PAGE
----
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Ban Ki-Moon

UNDPI / Graphic Design Unit


Participate in a Live Video Conference on the Transatlantic Slave Trade

Date: 28 March, 2008


Overview  |  Programme  |  More Information

The transatlantic slave trade is a major element of global history.  The forced movement of West African people across the Atlantic resulted in unprecedented forms of cruelty and subjugation, racism, inequality, shifts in cultural identity, a marked decline in the West African population and significant economic and agricultural developments in the Caribbean, Europe and the Americas.

Little is known about the 400-year long transatlantic slave trade and its lasting consequences felt throughout the world, or of the contribution of slaves to the building of the societies that enslaved them.  This lack of knowledge of history has had multiple negative effects. Most importantly, it has served to marginalize people of African descent across Europe and North and South America, as well as to normalize notions of superiority among some populations.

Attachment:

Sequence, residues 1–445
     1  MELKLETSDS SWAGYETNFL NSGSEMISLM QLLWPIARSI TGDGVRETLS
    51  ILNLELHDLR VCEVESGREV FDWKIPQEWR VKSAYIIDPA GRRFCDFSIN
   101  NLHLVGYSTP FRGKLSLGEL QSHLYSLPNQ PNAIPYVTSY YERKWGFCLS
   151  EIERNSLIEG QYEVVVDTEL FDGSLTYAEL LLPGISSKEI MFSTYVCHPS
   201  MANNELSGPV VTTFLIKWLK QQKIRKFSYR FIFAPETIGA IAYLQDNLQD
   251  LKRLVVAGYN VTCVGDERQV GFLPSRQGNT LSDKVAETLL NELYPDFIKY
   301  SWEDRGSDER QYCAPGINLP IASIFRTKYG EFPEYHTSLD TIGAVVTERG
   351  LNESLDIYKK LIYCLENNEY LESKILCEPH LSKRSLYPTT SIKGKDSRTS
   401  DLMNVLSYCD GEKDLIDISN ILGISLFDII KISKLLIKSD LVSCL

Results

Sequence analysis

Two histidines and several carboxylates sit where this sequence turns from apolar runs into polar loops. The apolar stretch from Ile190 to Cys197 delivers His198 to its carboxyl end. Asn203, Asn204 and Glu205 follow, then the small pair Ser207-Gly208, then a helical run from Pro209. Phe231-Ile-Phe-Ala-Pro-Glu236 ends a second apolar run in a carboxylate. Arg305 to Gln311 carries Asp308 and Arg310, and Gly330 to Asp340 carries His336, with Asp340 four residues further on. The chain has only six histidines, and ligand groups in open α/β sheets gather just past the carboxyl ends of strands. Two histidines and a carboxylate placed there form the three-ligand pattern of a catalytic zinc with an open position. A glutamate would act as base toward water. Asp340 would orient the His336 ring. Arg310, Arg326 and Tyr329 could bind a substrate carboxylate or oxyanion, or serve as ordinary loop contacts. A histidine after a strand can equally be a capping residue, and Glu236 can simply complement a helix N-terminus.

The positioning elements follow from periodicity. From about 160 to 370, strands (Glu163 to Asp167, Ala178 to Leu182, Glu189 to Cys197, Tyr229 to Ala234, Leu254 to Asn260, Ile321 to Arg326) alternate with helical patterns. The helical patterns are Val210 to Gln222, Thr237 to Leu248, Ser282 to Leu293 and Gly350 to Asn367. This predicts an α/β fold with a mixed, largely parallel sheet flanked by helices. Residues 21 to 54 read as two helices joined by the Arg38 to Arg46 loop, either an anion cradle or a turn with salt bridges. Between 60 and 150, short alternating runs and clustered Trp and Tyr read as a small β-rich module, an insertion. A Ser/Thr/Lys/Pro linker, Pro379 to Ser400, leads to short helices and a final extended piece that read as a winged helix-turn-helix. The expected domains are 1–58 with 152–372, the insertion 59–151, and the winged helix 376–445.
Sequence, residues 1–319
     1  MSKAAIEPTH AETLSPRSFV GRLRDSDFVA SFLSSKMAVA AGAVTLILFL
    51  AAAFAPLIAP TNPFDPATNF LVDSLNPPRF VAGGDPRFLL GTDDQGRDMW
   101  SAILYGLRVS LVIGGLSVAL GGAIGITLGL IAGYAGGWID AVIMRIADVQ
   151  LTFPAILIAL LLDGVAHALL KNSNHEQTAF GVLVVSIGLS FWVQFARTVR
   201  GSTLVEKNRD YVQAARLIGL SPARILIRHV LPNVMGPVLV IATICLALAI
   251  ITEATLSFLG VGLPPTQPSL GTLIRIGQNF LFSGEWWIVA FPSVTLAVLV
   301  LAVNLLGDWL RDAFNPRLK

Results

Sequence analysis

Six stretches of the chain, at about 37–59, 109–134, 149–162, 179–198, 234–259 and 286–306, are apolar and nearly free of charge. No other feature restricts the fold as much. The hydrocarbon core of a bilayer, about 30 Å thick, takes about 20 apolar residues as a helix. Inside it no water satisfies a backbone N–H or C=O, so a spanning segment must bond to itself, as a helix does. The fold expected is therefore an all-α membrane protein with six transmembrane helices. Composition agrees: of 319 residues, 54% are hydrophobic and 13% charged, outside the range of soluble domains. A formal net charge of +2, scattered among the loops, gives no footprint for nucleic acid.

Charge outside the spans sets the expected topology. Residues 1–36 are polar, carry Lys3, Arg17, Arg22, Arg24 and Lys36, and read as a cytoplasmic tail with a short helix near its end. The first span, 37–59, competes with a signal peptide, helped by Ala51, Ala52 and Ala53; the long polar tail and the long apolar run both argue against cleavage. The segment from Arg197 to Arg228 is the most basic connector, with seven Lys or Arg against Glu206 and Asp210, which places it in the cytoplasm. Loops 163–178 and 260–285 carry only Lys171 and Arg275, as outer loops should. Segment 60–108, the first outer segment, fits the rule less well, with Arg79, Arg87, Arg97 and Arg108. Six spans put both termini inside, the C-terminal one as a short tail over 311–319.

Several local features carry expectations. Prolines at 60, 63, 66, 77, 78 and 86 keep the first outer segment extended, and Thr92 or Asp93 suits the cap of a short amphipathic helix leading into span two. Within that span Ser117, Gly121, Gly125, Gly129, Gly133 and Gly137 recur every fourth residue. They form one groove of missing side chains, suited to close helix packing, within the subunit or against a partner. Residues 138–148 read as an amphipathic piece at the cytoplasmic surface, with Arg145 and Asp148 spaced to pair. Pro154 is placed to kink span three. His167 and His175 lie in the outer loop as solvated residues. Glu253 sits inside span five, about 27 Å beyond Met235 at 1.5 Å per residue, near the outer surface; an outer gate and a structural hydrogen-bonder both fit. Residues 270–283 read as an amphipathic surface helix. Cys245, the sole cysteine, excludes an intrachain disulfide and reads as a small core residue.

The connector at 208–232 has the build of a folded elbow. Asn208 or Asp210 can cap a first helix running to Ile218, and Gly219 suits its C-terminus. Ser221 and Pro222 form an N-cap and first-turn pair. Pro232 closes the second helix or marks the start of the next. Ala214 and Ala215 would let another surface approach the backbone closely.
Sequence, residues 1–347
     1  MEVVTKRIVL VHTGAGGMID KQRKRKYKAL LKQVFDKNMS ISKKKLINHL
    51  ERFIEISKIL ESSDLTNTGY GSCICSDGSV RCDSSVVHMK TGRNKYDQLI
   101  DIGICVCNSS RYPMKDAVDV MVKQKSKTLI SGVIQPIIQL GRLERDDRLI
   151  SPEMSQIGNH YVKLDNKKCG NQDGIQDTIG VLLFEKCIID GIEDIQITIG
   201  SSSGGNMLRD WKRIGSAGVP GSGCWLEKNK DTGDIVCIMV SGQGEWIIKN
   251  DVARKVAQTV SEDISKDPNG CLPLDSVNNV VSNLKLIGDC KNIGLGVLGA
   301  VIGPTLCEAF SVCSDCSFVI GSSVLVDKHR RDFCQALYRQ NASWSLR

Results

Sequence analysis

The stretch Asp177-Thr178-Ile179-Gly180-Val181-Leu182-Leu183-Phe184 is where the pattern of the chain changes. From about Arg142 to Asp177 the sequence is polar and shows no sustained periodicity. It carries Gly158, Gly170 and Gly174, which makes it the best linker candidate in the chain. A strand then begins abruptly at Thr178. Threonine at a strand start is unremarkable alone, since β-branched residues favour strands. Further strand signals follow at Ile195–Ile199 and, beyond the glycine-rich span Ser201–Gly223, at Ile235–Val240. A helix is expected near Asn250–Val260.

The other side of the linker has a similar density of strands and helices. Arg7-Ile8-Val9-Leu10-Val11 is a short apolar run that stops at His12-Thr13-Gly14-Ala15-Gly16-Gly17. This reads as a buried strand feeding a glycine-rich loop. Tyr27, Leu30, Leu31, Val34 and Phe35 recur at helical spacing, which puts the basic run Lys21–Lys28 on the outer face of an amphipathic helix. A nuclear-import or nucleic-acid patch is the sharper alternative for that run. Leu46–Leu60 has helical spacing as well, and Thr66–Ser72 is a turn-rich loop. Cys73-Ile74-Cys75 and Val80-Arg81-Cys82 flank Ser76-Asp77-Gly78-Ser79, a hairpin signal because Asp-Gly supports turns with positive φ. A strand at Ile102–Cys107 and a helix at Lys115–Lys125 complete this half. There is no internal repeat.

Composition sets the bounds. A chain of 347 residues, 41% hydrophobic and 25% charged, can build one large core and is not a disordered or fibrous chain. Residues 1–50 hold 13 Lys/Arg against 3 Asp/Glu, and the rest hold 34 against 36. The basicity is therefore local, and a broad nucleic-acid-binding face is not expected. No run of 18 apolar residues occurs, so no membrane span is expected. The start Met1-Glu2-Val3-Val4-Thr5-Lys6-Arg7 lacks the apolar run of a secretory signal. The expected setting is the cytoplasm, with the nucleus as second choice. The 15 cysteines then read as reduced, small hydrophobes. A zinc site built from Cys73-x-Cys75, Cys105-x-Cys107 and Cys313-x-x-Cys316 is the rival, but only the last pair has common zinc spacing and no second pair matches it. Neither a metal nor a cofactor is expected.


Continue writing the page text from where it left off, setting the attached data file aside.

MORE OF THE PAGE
On 28 March 2008, high school students assembled at UNHQ will have the opportunity to interact with peers around the world who have been studying the Transatlantic Slave Trade.  Students from the following locations will be participating in the 28 March videoconference:

· Halifax, Nova Scotia, Canada
· Freetown, Sierra Leone
· Bristol, England
· Oslo, Norway
· Cape Verde
· Castries, St. Lucia

Some of the students are traveling on a replica of the Amistad which is retracing the Slave Trade Route. The Amistad began its voyage in New Haven, Connecticut on 21 June 2007. Since then it has sailed to Canada, crossed the Atlantic to England as part of Britain’s observance of the 200th Anniversary of the Abolition of the Slave Trade Act of 1807, docked in Portugal, Sierra Leone, Goree Island, Senegal and Cape Verde. On 28 March it will be in Castries, St. Lucia where students on the ship will participate in the live videoconference.

The entire event will be webcast and students around the world will be able to participate 'live' by sending comments and questions to United Nations Headquarters in New York during the videoconference.